Of the many ethical issues that procurement must handle, the current headline is probably ‘Modern Slavery’. The Modern Slavery Act of 2015 in the UK has drawn attention to supply chains and those that manage them as clear evidence of the good that excellence in procurement practice can do. Though the impact of the Act has largely been felt in the UK, any businesses trading with British suppliers need to be aware of how the Act can affect them.
A CIPS survey in 2015 found that UK businesses were woefully unaware of what implications the Act had for them. One in five UK supply chain managers were unaware of the new rules, 27 per cent did not fully understand what their business was required to do to, one in four couldn’t name a single step they have taken to comply with the law, and more than half said they lack the skills to deal with modern slavery in their supply chains.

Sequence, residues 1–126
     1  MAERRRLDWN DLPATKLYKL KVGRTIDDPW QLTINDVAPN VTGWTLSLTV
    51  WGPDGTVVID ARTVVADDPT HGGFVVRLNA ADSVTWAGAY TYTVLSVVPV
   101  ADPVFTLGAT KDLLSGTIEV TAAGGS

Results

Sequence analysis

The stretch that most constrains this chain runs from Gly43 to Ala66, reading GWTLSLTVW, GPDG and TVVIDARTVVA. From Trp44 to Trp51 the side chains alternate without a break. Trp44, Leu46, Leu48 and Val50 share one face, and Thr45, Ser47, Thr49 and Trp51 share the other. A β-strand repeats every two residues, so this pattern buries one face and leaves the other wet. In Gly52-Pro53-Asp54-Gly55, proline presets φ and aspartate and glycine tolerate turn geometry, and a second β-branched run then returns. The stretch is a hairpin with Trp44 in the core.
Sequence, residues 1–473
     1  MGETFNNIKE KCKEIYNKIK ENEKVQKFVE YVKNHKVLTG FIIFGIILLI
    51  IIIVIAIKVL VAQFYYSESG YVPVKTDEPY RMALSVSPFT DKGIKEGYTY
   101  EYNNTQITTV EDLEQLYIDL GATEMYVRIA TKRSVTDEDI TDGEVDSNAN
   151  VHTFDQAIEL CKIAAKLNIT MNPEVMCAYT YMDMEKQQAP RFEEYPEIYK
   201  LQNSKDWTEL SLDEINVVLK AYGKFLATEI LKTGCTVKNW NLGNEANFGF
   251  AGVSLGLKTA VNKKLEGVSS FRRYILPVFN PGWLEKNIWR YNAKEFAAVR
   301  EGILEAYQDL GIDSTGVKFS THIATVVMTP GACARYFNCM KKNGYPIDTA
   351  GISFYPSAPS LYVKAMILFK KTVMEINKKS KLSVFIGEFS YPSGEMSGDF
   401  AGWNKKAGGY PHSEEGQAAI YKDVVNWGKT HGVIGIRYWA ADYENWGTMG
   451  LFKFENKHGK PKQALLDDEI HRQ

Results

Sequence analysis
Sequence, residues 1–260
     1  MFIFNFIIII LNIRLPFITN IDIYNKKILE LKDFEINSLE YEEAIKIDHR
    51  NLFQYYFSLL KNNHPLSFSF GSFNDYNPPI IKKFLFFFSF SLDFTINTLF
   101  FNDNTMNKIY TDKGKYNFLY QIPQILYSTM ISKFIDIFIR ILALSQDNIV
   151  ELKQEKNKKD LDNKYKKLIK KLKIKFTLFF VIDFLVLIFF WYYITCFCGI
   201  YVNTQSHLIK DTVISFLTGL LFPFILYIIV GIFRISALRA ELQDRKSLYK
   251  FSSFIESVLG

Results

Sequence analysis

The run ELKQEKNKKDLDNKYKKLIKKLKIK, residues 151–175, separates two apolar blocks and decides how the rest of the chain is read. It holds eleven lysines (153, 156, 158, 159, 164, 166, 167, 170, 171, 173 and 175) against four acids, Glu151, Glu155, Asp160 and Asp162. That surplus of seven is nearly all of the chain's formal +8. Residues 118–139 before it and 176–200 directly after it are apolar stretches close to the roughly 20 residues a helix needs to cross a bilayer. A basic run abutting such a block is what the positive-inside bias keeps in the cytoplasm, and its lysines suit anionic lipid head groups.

“Just a third of supply chain managers claimed to have mapped their suppliers to understand the potential risks and exposure to modern slavery, while only 41 per cent have ensured all workers in the UK in their supply chain receive the minimum wage and apply robust immigration checks. Less than 28 per cent of businesses in this group claim to have provided training to employees and local suppliers on modern slavery”.
With such a new Act, the impact is hard to judge as yet – CIPS is publishing an updated survey imminently.